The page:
Keep your maintenance costs low with improved gas distribution

By Jeff DeWitt, Applications Engineer, Swagelok Company   

Features chemical plants control panels design food and beverage gas systems maintenance Swagelok wastewater

Figure 1. When designing an effective gas distribution system, make sure frequently serviced components are not obstructed by poorly placed tubing.

Repairing gas pressure control panels can be complicated by how the pipes are laid out. Poor design could result in systems that are more prone to damage.

In addition, maintaining older gas panels can be time consuming, labor intensive, and costly (Figure 1 above).

Facilities that require gas systems to function — like food and beverage operations, wastewater treatment plants, chemical plants, and others — must be able to depend on those systems. That is why you should consider updating your gas pressure control panels to help reduce downtime and lower maintenance costs.

Why Gas Panel Design Matters

Historically, gas panel design has not always been straightforward. Systems designed without careful attention to details can leave safety relief valves and regulators accidentally obscured by enclosures.

Figure 2. Clear component labeling can cut down on the time it takes for maintenance technicians to decide what parts need to be replaced.

Alternately, extensive tubing — which requires disassembly and reassembly for maintenance to be done — also increases the possibility of unintentional damage or restricted access during repairs.

These complicating factors can confuse maintenance technicians, slowing down the repair process. Long repair times can also result in unplanned downtime or potential safety risks to employees. One way to avoid these distractions is to update your gas panels with more contemporary designs.

Modern gas panels can eliminate some of those problems by improving component visibility and labeling, particularly for components that may need frequent maintenance like regulators and pressure valves (Figure 2). In addition, many of today’s panels are designed with component replacement in mind.

Swagelok Gas Distribution Systems video: Learn how modular gas delivery system panels feature minimal threaded connections to reduce potential leak points and labeling to promote safe, simple use and maintenance.

Their modular designs mean technicians can quickly and easily replace faulty parts without taking the entire panel out of service (Figure 3). Be sure to work with a supplier that can help evaluate your system’s specific needs and make recommendations about what panels will work best for your situation.

Making Your Panels More Intuitive

It is traditional to use threaded connections between components in your gas panels. The challenge with these more complex connections is that there is a greater chance they may fail prematurely or be accidentally damaged. To reduce this possibility, tube fittings may be a better solution.

Figure 3. Modular gas pressure control panels are easier to service than more traditional ones.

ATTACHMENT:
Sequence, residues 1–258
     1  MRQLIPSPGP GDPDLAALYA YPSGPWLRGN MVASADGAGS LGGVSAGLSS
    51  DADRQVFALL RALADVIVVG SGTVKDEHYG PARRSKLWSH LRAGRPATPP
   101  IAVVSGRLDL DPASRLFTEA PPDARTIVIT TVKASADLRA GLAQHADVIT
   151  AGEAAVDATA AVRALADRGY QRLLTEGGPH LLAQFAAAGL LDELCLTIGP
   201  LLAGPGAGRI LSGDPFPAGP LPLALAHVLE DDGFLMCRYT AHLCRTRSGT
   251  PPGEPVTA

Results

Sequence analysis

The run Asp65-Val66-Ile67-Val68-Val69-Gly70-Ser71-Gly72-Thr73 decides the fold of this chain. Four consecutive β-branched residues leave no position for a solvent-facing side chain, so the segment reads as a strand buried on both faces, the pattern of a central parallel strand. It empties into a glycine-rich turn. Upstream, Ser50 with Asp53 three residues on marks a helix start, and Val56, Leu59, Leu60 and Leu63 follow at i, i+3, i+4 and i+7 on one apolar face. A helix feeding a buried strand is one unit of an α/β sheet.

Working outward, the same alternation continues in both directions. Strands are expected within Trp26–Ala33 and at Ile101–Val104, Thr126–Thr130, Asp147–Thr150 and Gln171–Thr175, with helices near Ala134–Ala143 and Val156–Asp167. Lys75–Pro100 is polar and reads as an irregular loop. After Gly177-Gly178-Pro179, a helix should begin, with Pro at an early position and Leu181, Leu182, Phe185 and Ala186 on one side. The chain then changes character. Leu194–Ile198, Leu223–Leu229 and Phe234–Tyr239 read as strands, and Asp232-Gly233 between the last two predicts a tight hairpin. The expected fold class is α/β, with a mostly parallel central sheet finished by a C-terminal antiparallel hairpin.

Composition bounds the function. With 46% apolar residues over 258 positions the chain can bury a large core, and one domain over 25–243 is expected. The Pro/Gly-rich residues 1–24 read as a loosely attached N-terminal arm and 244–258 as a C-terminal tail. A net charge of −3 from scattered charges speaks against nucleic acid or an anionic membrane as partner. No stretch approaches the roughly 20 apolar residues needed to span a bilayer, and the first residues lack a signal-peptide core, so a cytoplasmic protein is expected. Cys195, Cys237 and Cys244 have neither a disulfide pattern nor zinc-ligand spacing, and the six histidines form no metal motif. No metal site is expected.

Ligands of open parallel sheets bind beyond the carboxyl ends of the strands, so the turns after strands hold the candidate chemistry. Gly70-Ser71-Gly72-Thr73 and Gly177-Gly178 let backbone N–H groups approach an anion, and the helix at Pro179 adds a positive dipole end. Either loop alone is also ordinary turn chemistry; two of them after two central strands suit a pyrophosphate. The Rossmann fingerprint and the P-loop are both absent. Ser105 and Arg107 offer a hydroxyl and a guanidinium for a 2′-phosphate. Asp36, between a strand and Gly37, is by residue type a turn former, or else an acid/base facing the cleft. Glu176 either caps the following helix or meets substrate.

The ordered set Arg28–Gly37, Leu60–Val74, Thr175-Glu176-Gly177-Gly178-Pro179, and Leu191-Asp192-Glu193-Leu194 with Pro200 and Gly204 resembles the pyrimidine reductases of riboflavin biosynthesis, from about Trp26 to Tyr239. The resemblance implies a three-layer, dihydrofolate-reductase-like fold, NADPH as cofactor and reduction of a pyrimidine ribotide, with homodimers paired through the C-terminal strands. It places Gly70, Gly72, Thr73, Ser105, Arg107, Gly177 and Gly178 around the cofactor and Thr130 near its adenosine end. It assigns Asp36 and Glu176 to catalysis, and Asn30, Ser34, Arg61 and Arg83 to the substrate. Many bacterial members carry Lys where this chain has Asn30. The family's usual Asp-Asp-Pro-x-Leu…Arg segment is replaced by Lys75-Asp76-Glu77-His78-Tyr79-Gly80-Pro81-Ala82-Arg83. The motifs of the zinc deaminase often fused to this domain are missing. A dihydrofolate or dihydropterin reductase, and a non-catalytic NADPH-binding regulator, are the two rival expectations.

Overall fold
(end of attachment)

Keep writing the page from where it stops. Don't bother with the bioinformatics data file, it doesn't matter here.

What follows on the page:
Tube fittings are more effective at stopping small, unnoticed leaks that can increase production costs over time. Moreover, small leaks can also pose significant safety issues for workers near the leaks.

Unfortunately, small leaks can go undetected for long periods. Plant operators often have other priorities to keep the production line performing well and may not have time to check the gas distribution system for leaks. As a result, small leaks do not receive the attention they need to keep them from happening. Choosing high-quality tube fittings can prevent troublesome leaks with reliable, leak-tight performance throughout the system. Facilities should partner with reputable suppliers who can inspect your system on an ongoing basis. Through these regular audits, they may be able to provide actionable insights into where improvements can be made.

Less Downtime Means Better Overall Production

Choosing high-quality components for your gas panels and distribution systems can lower maintenance costs over the life of the system by reducing leaks and potential system failures. For example, tradition suggests regulators should be replaced on a rigid five-year schedule. Since this is standard industry practice, most plant operators do not question why they must replace their regulators that often, even considering the significant disruptions that occur when a gas distribution system must be shut down for repairs.

Figure 4. If you install regulators that have been tested for millions of cycles, they may not require the typical five-year replacement schedule.

The expected five-year replacement schedule may not be necessary if higher-quality regulators are used. Typically, plant operators should seek regulators that have undergone rigorous testing — including millions of production cycles — before they ever reach your plant floor (Figure 4). If these regulators are used, it could eliminate the need to replace them at all, which lowers labour costs and keeps your facility working at peak performance.


As you evaluate your oil and gas, food and beverage, pulp and paper, chemical, or wastewater treatment facilities, improving your gas panels can provide significant savings and improved efficiencies throughout the distribution system. Modern gas distribution panels need less ongoing maintenance, allowing facilities to save money on labour-reduced system downtime. The return on investment for modern gas panels is significant, so you should prioritize updating your gas panel systems.

Jeff DeWitt is an Applications Engineer for Swagelok Company. The original version of this article appeared on the Swagelok Reference Point blog.


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